Cendrillon does the Charleston

Bal du Centenaire
Tous Dehors, Bart & Baker

Théâtre des Champs-Élysées, 5 July

View photos here

Theatre Champs E Centenaire poster w J Baker

The Théâtre des Champs-Élysées had its first succès de scandale a hundred years ago just weeks after it opened, when the world premiere of Stravinsky’s ballet The Rite of Spring incited the most infamous punch-drunk riot in the history of classical music. In 2013, concert halls and theatres the world over are commemorating that seismic moment, but Parisians haven’t forgotten where it all started, judging by the crowd that turned up dressed to the nines for the venue’s Bal du Centenaire in the first week of July.

No brawls or virgin sacrifices on this balmy Friday night: the theatre celebrated its birthday with a very different danse sauvage from the annals, tipping its top hat to Josephine Baker’s 1925 Paris debut (and riding on Baz Luhrmann’s Great Gatsby coattails) with the salle de concerts transformed into a roaring twenties music hall for one night.

To make it all about me for a moment, as all good bloggers must, I felt a particularly personal sense of occasion: after all, it was a sort of premiere of my own in the city’s most elegant Art Deco theatre. There I was, barely unpacked a mere five days after relocating from Sydney to a 20m2 studio in Montparnasse, and my French marraine fée was whisking me off to a ball — more Cendrillon than La Baker, a debutante stepping out in Parisian society.

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That said, admittedly, I stepped out with two left feet, and if I scandalised anyone it was by tripping over them. Doing their best to give me a wide birth as I stumbled to and fro, Parisians of all ages twirled, shimmied and rumbaed their way around the planche de danse constructed on the stage. One fleet-footed, silver-haired fox took pity and dipped me — that is, turned me dramatically upside down. Pearls, fringed hems and Edith Sitwell turbans brushed up against me. (Sadly, no banana skirt in sight.) I fanned my sweating man-bag with peacock feathers as he sank into a plush velvet seat; my heart sank when I spied two girls of around ten years old apiece who were not only better dancers than me but also more chicly attired.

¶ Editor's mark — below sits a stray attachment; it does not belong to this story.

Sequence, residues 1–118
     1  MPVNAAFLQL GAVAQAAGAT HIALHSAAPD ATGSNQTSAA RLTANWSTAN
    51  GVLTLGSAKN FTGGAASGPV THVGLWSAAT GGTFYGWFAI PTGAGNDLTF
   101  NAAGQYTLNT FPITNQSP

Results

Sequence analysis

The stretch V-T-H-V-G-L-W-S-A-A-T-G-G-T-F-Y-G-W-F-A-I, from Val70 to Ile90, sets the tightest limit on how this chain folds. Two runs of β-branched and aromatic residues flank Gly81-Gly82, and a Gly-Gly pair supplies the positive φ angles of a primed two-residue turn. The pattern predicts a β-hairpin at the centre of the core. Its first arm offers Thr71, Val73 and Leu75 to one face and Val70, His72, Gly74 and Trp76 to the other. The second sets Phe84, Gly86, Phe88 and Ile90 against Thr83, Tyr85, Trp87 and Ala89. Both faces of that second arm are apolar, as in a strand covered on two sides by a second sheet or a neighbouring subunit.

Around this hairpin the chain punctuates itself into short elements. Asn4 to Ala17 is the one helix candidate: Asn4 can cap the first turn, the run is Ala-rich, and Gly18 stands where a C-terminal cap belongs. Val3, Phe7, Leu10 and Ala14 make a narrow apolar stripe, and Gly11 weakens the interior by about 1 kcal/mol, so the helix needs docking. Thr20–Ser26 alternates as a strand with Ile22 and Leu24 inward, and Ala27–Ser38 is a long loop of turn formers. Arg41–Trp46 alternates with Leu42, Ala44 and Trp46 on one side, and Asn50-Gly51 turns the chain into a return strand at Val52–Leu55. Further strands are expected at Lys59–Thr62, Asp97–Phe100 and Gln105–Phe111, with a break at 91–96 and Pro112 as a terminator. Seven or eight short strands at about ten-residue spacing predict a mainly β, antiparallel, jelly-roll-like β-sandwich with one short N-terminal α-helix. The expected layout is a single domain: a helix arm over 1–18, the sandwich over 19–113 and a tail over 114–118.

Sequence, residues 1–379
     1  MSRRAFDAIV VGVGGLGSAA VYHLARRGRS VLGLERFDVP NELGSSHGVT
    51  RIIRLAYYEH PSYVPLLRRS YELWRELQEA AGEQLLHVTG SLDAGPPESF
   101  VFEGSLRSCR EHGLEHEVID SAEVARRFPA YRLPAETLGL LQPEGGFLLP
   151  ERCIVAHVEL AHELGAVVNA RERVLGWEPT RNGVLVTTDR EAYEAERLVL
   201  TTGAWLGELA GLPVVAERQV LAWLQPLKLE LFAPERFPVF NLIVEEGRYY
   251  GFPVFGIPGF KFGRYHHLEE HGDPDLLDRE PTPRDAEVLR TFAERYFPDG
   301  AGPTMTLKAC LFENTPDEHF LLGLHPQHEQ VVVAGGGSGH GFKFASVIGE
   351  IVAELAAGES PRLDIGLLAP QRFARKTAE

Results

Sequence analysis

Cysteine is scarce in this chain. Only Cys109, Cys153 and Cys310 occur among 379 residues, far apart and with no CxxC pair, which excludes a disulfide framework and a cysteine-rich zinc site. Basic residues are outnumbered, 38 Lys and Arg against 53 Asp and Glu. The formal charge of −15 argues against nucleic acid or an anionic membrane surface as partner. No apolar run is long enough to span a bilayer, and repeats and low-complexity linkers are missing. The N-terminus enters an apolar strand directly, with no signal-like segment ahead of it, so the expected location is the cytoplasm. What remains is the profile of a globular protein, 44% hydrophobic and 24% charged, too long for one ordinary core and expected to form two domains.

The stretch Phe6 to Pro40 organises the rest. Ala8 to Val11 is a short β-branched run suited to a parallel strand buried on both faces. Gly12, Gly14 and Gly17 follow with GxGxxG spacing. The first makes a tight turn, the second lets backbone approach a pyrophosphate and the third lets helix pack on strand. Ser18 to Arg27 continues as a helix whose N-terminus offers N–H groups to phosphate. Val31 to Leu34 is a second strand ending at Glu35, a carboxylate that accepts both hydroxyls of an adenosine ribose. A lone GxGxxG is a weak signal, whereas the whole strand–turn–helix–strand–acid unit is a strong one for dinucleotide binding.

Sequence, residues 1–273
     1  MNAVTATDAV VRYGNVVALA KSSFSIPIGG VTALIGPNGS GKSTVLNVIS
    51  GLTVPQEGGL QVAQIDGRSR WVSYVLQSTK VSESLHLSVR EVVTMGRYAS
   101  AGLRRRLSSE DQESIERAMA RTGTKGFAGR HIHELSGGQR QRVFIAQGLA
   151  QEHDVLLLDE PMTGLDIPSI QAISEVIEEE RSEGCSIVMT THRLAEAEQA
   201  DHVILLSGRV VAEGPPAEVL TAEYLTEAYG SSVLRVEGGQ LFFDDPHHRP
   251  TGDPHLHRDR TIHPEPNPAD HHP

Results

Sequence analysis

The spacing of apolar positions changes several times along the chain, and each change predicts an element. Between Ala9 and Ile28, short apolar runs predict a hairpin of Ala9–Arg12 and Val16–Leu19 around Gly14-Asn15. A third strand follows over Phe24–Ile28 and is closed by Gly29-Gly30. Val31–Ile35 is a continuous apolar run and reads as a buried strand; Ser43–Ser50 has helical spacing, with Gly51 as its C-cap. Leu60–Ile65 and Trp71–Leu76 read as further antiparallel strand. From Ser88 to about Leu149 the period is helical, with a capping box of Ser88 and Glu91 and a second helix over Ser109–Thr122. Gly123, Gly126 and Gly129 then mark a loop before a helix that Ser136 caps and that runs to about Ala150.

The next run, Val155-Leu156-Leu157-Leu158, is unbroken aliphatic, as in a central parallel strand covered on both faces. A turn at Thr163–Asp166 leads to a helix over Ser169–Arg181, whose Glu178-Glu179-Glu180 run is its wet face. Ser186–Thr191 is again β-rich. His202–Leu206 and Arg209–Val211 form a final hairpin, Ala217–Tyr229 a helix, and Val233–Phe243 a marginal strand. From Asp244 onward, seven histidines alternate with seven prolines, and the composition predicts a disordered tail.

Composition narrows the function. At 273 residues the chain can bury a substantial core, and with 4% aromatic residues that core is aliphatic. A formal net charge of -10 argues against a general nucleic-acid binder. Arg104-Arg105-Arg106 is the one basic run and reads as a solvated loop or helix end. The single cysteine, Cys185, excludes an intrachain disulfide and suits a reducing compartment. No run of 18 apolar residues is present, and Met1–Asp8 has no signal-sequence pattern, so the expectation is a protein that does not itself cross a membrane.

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The band was so taut and energetic that it hardly mattered. Windman Laurent Dehors’s nine-piece Tous Dehors had us kicking up our heels in authentic 1920s style, from the inevitable In the Mood via “un petit tour de Carmen” to Zez Confrey’s novelty charmer Kitten on the Keys (the latter’s piano cascades played by tubaist Bastien Stil, alternating comically between keyboard and hulking brass). On the other end of the size spectrum, I was delighted by Damien Sabatier’s solos on what I initially thought was a tiny tin whistle but turned out to be a “graille” (catalan oboe).

During a late intermission, waiting for the deuxième danse DJ set to get underway at midnight, revellers took to dancing in the street while front-of-house staff in top hats and capes sashayed across the marble floors inside. But the elation didn’t last long; Bart & Baker’s jazz remixes were old-fashioned (and not in the good way), Véronique Hubert’s video projections lamentably amateur. It was unclear what age bracket the theatre hoped to attract. Dancers dragged their feet. This Cendrillon promptly turned into a pumpkin. All night, the spotlight from the Tour Eiffel remained fixed on the theatre, one icon illuminating another. Joyeux anniversaire.

Things have calmed down a bit since The Rite of Spring premiere, then, but the Théâtre des Champs-Élysées remains one of Paris’s classiest and most beloved.

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More centenary events at www.theatrechampselysees.fr

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